Headlines like “Facebook built a virtual Facebook” and “Mark Zuckerberg just signed the death warrant for the smartphone” turned our heads last week.
It’s not as shocking as it sounds though; Facebook claimed a stake in the virtuality revolution when it acquired Oculus in 2014. Now, Facebook Spaces and AR Studio are front of mind.
Facebook Spaces blends user interaction with virtual reality for anyone with an Oculus Rift. As the number of participants grows, Spaces has the potential to be the next big phenomenon in social media. But Facebook isn’t resting on their laurels with their own VR world.
AR Studio will enable many more users with development skills to create content for Augmented Reality. We would be shocked if that doesn’t result in an explosion of engagement with AR. Combine the visual wow of AR with the fact that your buddy from college created the mask or animated effect.
We do anticipate that AR Studio content won’t be shareable beyond Facebook, but given the number of global users, chances are creators will still be able to connect with their audience.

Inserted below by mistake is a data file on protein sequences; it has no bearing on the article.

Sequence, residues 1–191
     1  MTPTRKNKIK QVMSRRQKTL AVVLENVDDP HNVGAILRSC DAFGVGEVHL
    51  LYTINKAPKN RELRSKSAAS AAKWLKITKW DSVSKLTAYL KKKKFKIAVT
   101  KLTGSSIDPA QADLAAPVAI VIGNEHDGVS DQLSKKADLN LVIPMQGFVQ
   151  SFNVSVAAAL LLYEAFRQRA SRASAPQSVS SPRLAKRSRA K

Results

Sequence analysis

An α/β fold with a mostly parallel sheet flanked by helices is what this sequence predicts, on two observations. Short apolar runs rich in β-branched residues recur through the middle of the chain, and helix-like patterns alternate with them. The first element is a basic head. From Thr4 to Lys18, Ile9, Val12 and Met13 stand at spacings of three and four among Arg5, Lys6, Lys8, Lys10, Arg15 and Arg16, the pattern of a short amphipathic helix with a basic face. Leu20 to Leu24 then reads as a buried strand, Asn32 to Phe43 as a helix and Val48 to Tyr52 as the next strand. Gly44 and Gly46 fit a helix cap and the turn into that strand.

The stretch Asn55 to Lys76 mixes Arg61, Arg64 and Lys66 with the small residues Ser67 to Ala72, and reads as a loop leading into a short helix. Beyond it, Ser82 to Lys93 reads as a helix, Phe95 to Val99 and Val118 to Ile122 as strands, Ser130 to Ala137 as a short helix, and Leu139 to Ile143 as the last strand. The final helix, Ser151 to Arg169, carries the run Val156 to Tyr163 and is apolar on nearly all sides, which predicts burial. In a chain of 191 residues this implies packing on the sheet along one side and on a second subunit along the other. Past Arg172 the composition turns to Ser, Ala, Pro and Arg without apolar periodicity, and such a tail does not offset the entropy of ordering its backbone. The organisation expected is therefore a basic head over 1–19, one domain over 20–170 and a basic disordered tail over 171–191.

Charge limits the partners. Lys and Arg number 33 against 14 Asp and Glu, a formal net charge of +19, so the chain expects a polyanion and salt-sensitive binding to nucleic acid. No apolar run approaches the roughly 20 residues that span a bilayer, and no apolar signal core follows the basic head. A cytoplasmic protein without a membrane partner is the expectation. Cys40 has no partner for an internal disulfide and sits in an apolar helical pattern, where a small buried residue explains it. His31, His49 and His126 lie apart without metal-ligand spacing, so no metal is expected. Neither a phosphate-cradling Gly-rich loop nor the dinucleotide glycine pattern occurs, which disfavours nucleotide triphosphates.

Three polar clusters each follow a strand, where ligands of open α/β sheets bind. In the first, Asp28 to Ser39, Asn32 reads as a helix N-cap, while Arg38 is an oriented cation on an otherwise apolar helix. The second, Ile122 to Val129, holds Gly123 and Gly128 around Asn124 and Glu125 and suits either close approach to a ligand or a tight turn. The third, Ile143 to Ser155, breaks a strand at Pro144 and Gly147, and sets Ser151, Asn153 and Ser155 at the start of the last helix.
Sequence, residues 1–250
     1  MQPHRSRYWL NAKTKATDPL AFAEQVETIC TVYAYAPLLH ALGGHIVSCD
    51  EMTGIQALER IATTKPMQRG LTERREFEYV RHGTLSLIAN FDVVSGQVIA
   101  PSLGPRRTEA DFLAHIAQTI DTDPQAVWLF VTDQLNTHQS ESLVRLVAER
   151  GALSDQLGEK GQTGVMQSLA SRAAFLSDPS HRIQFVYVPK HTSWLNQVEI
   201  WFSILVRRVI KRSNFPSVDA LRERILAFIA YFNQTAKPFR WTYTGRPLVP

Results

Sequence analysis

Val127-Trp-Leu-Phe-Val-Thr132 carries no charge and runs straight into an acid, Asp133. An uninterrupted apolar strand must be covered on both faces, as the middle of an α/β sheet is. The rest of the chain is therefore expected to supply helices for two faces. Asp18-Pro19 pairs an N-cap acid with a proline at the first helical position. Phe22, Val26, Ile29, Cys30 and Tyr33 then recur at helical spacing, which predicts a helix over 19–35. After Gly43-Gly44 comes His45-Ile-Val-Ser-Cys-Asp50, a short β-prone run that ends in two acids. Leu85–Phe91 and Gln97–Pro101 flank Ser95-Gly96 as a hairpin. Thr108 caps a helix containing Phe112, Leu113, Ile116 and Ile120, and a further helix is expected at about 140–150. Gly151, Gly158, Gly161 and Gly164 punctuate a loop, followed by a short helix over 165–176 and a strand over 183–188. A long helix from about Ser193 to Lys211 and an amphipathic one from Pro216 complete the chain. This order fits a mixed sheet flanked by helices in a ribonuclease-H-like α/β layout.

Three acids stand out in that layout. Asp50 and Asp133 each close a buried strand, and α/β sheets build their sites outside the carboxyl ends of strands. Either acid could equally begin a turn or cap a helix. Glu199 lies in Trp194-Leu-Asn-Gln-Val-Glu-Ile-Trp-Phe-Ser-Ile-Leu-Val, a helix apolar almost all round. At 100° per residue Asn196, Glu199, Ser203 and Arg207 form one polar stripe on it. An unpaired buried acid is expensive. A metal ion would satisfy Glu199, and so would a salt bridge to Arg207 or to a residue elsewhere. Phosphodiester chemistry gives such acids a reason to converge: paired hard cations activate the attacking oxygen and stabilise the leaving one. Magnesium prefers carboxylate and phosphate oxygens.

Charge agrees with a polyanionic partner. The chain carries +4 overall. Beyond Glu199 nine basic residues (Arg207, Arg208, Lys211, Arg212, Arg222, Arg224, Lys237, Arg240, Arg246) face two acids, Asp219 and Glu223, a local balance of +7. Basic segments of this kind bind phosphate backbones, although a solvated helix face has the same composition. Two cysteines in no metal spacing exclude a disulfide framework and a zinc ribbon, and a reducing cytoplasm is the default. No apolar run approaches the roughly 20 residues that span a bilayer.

Facebook’s R&D division is working on AR glasses that could be on the market in just a handful of years. More ambitious still is that Mark Zuckerburg wants these glasses to replace your smartphone.
Could Facebook really take something as ingrained in our lives as the smartphone and replace it? We think it’s absolutely possible. Most of us remember a time before smartphones, and consequently we also remember how quickly the devices took hold of the developed world.
If you’ve read this far and you think Facebook will dominate virtuality development, you’re right, but their ambitions keep going.
Building 8 is also treading into cautionary sci-fi territory with brain-computer interfaces that achieve ‘brain-typing’ and ‘skin-hearing’. Let that sink in for a moment. That’s Facebook up in your brain to a) capture your thoughts, letting you type by thinking and b) turn your skin into another way to perceive sound. Again, take a moment with these ideas. They’re beyond huge.
Facebook’s virtuality development potential ranges from a monopoly to the creation of human-tech interfaces that challenge how we think, interact, and live our lives. Facebook could be creating limitations while simultaneously freeing our minds.
This post just scratches the surface of where Facebook is headed – and let’s face it, probably leading – in relationship to the growth of all virtuality tech.
Are you excited, confused, or downright overwhelmed by the potential of Facebook’s in-house virtuality development? Ask us about what all of this could mean for you and your business.
Photo Credits: Facebook